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Why You Can't Afford Not to Buy Merck's Stock

By Kody Kester – Nov 23, 2021 at 10:30AM

Key Points

  • Merck's revenue and earnings soared in the third quarter.
  • Despite above-average prospects, the stock trades only in line with its industry.
  • Its 3.1% dividend yield trounces the S&P 500's 1.3% -- and has room to grow.

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The business continues to perform well, and the stock is unjustifiably cheap.

Seth Klarman, the billionaire CEO and portfolio manager of The Baupost Group, is arguably one of the greatest value investors of all time. It shouldn't be a surprise that he's provided value investors with plenty of nuggets of wisdom over the decades.

One of Klarman's most concise and meaningful quotes about value investing came when he said: "Stock market efficiency is an elegant hypothesis that bears quite limited resemblance to the real world."

In other words, value investing is built around the entire belief that the market isn't always right in valuing stocks. As proof of this belief, let's look at a few reasons why I believe pharma stock Merck (MRK -1.39%) is one that value investors can't afford to pass up.

A doctor and patient interact in the waiting room.

Image source: Getty Images.

An exceptional third quarter

Pharmaceutical giant Merck delivered a tremendous quarter for its shareholders, easily topping analysts' forecasts for the period, which ended Sept. 30. The company generated $13.2 billion in total revenue for the quarter -- a whopping 20.4% increase over the year-ago period -- and comfortably higher than analysts' consensus estimate of $12.3 billion.

Predictably, Merck's blockbuster product, Keytruda, figured prominently. The top-selling cancer drug in the world grew its revenue 22% year over year to $4.5 billion. That represents just over one-third of Merck's total revenue in the third quarter.

Another third of revenue came from Merck's vaccine and animal-health businesses, which combined were up 27.7% to $4.6 billion in the quarter. Notably, these two segments together were able to grow faster than Keytruda, accounting for 45.1% of Merck's overall revenue growth in Q3 vs. 36.8% for the cancer drug.

Jumping over to the bottom line, Merck produced $1.75 in non-GAAP earnings per share (EPS) during the third quarter -- a 28% spike compared to the year-ago period -- and it also exceeded analysts' forecast of $1.55.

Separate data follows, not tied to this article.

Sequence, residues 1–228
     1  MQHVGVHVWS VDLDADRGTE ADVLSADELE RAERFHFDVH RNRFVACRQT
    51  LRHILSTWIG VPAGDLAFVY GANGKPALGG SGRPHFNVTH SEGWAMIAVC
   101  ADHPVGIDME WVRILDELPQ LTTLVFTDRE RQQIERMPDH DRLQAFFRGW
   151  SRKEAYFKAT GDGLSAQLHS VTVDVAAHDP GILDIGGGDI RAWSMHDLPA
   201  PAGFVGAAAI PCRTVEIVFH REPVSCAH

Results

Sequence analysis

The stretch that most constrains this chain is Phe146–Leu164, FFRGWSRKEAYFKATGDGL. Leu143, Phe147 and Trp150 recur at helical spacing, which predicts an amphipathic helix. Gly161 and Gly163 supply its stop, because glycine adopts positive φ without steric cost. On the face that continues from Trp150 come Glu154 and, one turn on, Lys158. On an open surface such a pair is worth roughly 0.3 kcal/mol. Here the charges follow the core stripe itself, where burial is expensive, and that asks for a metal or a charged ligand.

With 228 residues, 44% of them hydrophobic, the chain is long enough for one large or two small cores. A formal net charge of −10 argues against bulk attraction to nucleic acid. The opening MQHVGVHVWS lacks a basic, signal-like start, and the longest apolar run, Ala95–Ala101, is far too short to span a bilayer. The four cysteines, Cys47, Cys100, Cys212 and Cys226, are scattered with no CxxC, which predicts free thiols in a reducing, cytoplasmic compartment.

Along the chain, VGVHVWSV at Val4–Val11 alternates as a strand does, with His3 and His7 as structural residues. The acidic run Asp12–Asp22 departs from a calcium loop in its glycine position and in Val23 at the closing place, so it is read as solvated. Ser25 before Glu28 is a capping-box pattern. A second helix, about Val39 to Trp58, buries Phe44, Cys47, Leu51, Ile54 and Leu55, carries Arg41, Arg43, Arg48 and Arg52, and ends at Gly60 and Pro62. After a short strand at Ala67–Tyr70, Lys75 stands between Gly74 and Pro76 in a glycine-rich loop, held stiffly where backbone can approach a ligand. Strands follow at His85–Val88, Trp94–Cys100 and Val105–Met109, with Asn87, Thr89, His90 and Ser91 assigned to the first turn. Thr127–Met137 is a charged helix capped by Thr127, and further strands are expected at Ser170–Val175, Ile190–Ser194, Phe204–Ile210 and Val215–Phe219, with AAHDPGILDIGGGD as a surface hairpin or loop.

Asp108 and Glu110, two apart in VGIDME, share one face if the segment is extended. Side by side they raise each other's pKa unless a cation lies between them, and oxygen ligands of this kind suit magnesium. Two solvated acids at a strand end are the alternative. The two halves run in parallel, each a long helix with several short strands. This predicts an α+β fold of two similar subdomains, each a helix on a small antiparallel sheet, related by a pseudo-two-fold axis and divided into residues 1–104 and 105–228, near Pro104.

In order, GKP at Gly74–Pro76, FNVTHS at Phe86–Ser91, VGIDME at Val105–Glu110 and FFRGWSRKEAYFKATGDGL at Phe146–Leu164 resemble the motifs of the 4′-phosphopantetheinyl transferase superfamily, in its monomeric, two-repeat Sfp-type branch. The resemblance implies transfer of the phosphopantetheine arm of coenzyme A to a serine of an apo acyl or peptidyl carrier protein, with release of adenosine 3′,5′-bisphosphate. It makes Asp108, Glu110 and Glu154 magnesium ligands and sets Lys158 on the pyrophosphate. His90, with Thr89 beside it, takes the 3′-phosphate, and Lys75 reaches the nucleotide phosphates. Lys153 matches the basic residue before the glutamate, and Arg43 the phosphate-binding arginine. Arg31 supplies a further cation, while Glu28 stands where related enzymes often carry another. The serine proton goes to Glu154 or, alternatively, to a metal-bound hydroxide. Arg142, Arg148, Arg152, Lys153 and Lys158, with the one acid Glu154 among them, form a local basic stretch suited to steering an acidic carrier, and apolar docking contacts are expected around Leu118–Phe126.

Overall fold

How did Merck so easily turn out an earnings beat in the third quarter? Aside from the company's significantly larger revenue base, Merck's non-GAAP net margin expanded approximately 190 basis points year over year to 33.8% in the third quarter.

Merck's robust performance both in the third quarter and year to date prompted management to raise its guidance. Non-GAAP EPS guidance for this year was upped from a midpoint of $5.52, which the company predicted in July, to $5.68 as of last month's report.

A safe dividend with room to grow

At its current share price of around $83, Merck pays a market-beating 3.1% dividend yield to shareholders. But could that yield be too good to be true, considering that the S&P 500 is now paying less than 1.3%?

Based on Merck's annual dividend per share of $2.60 and non-GAAP EPS guidance of $5.68, the stock's dividend payout ratio of about 45% appears to be very sustainable. It not only provides Merck with a cushion to maintain its payout in the event of a challenging period, but also gives the company plenty ability to increase the dividend.

Since analysts are expecting 14.5% annual earnings growth over the next five years, Merck should be able to hand out at least high single-digit dividend increases for the foreseeable future.

Is the market too pessimistic?

Merck is priced at a forward price-to-earnings (P/E) ratio of just 11.4, which is basically in line with the drug industry's average of 11.3. However, the stock arguably deserves to be priced higher, given that its forecast earnings growth over the next five years is higher than all but three of the 19 other stocks in the industry average.

One important investor concern about the stock may be the looming 2028 patent expiration of Keytruda in major markets. However, the company is more than its crown-jewel cancer drug, as evidenced by the healthy growth in its world-class vaccine and animal-health segments. That's precisely why I believe that fears of Merck's post-Keytruda future are overblown, and there is an opportunity for contrarian biotech investors to buy before the market wakes up and the stock surges.

Kody Kester owns shares of Merck & Co. The Motley Fool has no position in any of the stocks mentioned. The Motley Fool has a disclosure policy.

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